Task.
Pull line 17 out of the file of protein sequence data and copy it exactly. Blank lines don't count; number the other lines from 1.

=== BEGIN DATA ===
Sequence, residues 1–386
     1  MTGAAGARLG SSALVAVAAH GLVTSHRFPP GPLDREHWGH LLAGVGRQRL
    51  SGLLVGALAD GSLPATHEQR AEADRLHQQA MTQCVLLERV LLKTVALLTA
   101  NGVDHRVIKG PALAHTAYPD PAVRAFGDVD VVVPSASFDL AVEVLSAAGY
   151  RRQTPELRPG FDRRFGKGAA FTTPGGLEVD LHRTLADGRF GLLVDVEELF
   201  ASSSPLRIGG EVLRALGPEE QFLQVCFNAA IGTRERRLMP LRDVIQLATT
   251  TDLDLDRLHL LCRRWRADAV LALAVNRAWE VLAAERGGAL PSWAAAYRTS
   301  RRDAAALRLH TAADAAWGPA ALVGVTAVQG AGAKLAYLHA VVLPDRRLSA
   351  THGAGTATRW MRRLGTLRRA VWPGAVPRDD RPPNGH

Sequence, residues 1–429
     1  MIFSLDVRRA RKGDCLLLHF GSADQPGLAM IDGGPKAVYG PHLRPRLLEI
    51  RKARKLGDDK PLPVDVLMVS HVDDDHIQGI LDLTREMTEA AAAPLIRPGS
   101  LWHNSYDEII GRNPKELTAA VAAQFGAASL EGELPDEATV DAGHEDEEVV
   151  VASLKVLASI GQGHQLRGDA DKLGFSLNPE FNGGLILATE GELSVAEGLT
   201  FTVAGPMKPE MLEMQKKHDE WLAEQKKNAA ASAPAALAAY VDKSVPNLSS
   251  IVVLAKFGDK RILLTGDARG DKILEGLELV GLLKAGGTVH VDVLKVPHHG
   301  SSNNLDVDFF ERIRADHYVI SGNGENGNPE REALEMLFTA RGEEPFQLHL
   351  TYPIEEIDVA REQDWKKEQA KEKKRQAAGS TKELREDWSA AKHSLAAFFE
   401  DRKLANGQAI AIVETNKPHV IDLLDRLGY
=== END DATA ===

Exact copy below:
   301  SSNNLDVDFF ERIRADHYVI SGNGENGNPE REALEMLFTA RGEEPFQLHL